Industrial Buying Behaviour

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CONSUMER BEHAVIOUR

LESSON 41: INDUSTRIAL BUYING BEHAVIOUR
Introduction
A model is very often referred to as an abstract representation of a process or relationship. In this chapter we are going to deal with the industrial buying process with the help of the Sheth model of Industrial buying.

• Perceived risk: When the decision involves risk, more
members of the DMU will be involved.

• Type of purchase :If the type of problem is an extensive problem, then more members of

Objectives
After studying this lesson you should be able to

• the decision making unit (DMU) will be required unlike a simple repeat purchase, where a single individual can be asked to carry out the decision. Company Specific Factors (2b) are: • Organizational orientation ;-Is the firm sales and marketing oriented? Or is it technology

• Understand the industrial buying process • Explain the Sheth model of Industrial buying Behaviour This model concentrates on the purchasing process and highlights the importance of four main factors: (a) The expectations of the individuals making up the decision making unit (b)The characteristics of both the product and the organisation (c) The nature of the decision making process (d)The situation variables These factors are discussed more in detail: 1. Expectations within the organisation These elements are mentioned under (1). According to Sheth, every person in the DMU brings with them, their unique set of attitudes and orientations. Their expectations will be conditioned by the individual background (1a) education (general or professional), role orientation (accountant, production manager, engineer etc.,) life style. Their expectation will all be influenced by: • The various sources of information (1 b) - (sales persons, exhibition and trade shows, direct mail, press releases, journal advertising, professional and technical conferences, trade news, world of mouth) and the process through which they have obtained the information.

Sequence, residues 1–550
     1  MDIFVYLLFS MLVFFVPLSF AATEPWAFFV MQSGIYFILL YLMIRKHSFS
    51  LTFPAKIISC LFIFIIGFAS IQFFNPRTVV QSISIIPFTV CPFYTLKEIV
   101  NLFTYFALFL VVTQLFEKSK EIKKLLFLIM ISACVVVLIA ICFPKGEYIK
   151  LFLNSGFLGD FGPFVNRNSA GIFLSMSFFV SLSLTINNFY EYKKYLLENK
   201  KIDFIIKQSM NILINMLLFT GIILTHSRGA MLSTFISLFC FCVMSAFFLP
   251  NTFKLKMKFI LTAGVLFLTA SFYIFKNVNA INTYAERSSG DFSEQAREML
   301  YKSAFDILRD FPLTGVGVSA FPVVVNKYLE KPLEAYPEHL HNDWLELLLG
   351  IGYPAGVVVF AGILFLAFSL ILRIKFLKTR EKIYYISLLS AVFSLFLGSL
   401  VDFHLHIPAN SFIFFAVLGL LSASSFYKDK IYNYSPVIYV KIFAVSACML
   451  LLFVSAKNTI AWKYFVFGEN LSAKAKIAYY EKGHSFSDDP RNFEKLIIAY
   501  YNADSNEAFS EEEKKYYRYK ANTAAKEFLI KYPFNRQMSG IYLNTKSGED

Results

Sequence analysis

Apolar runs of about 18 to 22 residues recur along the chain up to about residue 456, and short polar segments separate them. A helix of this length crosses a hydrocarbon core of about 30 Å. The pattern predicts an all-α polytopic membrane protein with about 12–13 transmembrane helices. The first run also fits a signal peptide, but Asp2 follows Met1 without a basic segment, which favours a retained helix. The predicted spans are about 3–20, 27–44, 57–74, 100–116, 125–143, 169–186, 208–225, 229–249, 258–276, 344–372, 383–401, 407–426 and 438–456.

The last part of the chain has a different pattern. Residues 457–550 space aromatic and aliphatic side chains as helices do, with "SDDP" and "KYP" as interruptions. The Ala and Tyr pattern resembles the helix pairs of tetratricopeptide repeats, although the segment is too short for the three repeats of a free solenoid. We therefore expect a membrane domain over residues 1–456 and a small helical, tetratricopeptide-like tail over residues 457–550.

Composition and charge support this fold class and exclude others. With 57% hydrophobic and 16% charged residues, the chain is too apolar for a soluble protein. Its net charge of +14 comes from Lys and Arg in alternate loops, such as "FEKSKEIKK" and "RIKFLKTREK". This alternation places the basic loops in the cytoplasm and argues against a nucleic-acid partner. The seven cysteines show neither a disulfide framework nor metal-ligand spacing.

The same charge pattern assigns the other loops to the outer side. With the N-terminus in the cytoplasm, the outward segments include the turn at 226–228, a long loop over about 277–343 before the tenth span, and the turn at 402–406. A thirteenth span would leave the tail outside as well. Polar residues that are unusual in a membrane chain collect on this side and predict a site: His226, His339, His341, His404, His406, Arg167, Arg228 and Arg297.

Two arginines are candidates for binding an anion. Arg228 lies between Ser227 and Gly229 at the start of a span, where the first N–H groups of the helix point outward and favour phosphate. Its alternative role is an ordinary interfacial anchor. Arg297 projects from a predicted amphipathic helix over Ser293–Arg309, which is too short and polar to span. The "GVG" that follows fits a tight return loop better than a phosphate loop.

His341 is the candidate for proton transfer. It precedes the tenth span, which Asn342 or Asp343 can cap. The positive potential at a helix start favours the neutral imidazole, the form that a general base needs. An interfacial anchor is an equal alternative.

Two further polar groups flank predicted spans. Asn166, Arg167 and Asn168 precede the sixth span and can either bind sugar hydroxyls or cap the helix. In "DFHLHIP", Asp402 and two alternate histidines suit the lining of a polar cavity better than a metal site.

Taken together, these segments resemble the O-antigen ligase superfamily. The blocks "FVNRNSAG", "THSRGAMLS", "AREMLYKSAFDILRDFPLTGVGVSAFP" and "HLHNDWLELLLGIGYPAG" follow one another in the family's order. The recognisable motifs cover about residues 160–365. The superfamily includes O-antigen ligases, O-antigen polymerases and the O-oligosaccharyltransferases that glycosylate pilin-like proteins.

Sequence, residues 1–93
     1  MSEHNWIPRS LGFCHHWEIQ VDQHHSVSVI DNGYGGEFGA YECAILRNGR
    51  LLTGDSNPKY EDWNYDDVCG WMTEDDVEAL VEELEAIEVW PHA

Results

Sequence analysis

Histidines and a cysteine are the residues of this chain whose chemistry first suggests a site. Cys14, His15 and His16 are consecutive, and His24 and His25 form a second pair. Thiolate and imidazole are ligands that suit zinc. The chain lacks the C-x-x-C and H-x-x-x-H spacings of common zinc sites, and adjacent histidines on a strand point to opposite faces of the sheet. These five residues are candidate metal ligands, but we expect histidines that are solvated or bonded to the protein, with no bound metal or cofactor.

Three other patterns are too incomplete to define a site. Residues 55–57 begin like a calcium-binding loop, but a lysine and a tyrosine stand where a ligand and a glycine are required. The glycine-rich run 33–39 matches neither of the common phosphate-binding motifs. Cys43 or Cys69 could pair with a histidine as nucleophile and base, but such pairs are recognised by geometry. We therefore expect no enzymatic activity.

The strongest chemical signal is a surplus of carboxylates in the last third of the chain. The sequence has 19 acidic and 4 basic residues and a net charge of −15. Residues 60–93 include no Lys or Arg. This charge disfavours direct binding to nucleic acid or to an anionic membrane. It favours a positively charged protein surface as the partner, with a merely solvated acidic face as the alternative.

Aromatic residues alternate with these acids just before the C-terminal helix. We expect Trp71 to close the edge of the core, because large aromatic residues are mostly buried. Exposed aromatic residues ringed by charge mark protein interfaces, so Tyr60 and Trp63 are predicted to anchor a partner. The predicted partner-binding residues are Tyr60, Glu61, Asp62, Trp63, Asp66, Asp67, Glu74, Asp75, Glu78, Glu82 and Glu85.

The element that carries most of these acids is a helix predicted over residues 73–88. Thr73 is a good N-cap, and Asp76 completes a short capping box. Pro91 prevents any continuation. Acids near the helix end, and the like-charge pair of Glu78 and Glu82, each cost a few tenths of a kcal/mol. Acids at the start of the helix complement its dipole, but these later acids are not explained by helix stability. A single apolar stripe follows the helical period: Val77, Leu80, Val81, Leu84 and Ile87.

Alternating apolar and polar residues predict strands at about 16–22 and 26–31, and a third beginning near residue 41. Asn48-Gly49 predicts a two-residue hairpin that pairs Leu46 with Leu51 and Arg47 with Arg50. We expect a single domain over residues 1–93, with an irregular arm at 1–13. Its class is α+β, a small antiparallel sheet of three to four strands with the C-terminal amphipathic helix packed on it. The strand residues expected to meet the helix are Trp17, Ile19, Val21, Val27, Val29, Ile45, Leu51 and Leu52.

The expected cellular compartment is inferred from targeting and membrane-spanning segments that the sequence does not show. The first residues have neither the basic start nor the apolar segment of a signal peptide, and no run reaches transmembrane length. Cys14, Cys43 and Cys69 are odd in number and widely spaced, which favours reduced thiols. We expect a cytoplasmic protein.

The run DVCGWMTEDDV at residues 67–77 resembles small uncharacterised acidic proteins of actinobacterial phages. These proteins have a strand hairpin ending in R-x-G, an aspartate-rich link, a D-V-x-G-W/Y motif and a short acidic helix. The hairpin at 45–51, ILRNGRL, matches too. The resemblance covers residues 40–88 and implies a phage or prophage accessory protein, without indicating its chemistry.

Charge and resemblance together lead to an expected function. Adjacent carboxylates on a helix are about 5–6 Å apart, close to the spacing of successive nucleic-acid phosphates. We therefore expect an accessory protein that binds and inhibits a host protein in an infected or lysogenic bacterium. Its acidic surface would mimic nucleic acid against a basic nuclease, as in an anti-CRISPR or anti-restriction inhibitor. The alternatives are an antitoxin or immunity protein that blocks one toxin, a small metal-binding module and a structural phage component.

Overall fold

• dominated one etc., Depending on how the organisation
sees itself will determine the internal power balance and influence in the DMU.

• Organization size: - Depending on the size of the
organisation, will determine the group decision-making. If the organisation size is small, it is more likely that a single buyer will possess all the relevant information. But if the organisation is a large one, it is more likely that there will be group decision making.

• Degree of centralization: - Decentralized organisation involve a lot more people in the decision making than centralized organisations, which have a centralized buying function. 3. Nature of the Decision-making Process In the model, the elements are coded (3) Sheth has differentiated between autonomous decisions and those taken jointly by the DMU. When a decision is taken autonomously, it is usually (relatively) straightforward. However, when a group is involved in decision-making, conflict is likely to arise because of the different goals and orientations with the people within the group. The model also devotes a section (3) on how to solve the conflict:

• Perceptual distortion (1 d) (could be as a result of the form of communication).

• The person’s previous experience (1 e), which will mediate the incoming information.

• • • •

Problem solving Persuasion Bargaining Politicking

• The active search (1 c) can be carried out by anyone listed in the DMU - purchasing agents, engineers, users, others. 2. Characteristics of the Product and the Buying Organisation In the figure 14.2 of the model these elements are coded (2). In this Sheth talks of the actual buying process and contends that it is affected by: The Product Specific Factors (2a) are: • Time pressure: Group decision will take longer time as compared to individual ones.

4. Situational Variables These elements are coded (4) in the model. Here Sheth has referred to unforeseen factors, those that fall outside the control of the...
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